The world has moved on since WWII and it is time to modernise the antiquated structure of the UNSC. But what should be the criterion? Should it be based on countries’ contributions to the UN budget? If so, Japan and Germany, the second and third largest contributors to the UN budget respectively should qualify. India scores relatively poorly in this category, contributing Rs 244 crore in 2015-16, and is the 24th largest contributor. Should it be based on population? Here the lead contestant is unquestionably India, soon to be the country with the world’s largest population. Should it be based on a countries’ GDP? Here India again scores well, being fifth in the world behind the US, EU, China and Japan, but in front of Brazil and Canada. Should it be based on the possession of nuclear weapons? If so India would join the P5 together with Pakistan, Israel and, problematically, North Korea!

The agonisingly slow pace of UNSC discussions started by Boutros-Ghali in 1992 has led some countries to believe that this is simply a ploy to kick the problem into the long grass and maintain the status quo. The rules require that at least two-thirds of UN member states must agree to any reform together with all members of the P5. Provided a reasonable geographical distribution of seats is proposed, it should not be difficult to obtain agreement of most of the member states. The problem will be with the P5 and their veto.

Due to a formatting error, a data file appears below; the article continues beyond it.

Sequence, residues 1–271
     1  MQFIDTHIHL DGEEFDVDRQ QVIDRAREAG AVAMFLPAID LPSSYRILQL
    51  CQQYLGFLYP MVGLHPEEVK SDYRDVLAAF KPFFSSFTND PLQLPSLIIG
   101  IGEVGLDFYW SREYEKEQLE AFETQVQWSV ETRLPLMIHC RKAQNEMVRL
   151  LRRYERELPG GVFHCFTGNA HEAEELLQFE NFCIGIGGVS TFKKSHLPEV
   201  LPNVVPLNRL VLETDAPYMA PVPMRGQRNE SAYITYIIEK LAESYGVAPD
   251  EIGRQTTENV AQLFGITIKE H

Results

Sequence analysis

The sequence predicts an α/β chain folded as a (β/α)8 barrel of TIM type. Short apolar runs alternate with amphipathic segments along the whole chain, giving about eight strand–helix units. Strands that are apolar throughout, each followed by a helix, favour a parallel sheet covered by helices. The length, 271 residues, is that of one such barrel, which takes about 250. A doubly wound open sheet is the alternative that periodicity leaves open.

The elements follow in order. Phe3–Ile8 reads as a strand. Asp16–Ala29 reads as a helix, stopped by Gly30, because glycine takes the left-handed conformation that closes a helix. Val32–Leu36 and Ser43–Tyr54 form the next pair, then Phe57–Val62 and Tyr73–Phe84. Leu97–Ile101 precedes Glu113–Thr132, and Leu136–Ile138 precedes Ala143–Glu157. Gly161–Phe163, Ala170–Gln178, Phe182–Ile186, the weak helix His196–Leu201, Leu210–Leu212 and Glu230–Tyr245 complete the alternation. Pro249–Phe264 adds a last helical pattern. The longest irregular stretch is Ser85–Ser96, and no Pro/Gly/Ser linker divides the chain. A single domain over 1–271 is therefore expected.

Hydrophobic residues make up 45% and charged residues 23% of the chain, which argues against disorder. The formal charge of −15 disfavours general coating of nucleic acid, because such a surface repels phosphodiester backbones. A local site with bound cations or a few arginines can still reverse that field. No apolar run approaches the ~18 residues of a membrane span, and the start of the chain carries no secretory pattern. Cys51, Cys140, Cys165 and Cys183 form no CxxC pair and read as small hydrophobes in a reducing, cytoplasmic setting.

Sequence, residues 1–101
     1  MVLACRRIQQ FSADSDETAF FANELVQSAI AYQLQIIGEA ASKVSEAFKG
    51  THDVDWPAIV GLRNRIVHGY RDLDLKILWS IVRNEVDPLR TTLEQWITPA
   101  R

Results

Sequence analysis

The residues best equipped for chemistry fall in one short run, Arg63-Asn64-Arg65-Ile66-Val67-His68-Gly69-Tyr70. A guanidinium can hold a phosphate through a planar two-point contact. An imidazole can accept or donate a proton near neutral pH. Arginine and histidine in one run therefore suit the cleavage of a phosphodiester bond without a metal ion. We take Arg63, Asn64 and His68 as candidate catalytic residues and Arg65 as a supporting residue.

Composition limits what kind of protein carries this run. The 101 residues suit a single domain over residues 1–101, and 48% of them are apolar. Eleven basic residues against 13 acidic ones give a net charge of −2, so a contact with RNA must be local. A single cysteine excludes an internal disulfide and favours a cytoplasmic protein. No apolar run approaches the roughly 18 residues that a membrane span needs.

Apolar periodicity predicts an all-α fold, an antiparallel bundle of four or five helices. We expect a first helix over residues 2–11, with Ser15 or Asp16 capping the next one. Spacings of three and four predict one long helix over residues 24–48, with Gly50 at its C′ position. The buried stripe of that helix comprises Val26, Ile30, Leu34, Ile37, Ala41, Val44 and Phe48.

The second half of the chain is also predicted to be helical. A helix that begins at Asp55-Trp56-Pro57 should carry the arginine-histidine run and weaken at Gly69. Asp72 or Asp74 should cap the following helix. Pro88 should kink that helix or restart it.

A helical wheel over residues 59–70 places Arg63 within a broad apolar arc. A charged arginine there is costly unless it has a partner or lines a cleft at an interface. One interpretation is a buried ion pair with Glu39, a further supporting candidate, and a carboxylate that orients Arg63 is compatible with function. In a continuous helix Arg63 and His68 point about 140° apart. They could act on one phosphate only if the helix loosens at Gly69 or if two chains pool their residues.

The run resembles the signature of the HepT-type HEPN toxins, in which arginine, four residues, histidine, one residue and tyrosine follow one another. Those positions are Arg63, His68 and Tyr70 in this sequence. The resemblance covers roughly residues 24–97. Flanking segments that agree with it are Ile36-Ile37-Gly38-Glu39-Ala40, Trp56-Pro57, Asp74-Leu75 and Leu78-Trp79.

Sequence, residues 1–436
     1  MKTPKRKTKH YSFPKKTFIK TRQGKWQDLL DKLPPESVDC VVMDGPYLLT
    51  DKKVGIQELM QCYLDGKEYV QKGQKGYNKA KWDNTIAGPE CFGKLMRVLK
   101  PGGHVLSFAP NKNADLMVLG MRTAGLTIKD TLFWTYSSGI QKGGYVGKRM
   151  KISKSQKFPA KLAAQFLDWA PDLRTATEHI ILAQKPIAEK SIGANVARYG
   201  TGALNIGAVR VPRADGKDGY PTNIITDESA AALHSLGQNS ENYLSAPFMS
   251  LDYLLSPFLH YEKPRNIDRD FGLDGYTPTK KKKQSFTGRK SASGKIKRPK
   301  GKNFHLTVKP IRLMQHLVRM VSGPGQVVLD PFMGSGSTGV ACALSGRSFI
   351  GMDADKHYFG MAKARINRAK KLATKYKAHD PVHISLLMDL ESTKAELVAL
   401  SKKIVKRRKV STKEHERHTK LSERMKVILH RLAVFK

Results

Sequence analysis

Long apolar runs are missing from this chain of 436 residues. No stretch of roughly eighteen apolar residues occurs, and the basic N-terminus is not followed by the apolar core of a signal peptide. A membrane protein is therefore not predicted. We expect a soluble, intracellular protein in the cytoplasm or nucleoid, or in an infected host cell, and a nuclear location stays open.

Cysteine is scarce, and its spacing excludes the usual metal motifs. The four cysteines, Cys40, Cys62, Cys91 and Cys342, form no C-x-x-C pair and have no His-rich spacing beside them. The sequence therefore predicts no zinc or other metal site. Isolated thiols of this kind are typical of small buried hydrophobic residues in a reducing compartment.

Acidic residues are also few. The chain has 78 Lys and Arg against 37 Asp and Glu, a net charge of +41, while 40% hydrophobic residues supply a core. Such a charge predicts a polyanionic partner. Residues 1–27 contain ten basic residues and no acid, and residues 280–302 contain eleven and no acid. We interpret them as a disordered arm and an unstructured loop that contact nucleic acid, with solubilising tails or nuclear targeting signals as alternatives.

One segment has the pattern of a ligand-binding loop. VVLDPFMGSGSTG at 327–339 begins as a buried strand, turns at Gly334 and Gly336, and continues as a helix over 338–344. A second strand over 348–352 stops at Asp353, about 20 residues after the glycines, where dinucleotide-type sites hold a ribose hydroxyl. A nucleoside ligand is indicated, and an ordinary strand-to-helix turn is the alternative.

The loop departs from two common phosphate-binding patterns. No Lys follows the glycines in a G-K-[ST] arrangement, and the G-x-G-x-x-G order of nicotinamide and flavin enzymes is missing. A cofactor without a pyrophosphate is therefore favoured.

Here’s what should happen. Member states should pressurise the P5 to voluntarily suspend their veto during voting for the expansion of the UNSC. The UNSC should be expanded to 24, with 12 permanent members consisting of the current P5 plus the G4 and three more countries based on geography, population size, financial contribution to the UN, and GDP. This P12 should then be augmented by a further 12 countries on a rotational basis every two years, much as at present. Finally, the issue of any veto for the P12 should be critically examined as it cannot possibly be considered democratic in the modern world.

India, the world’s biggest democracy, is in the front of the queue for admission to the enlarged UNSC and Prime Minister Narendra Modi should press hard for this expansion. If he is successful, and there is every chance that he could be, India would assume its rightful place on the world stage and history will acclaim Modi as one of India’s all-time greatest.

John Dobson worked in UK Prime Minister John Major’s Office between 1995 and 1998 and is presently Chairman of the Plymouth University of the Third Age.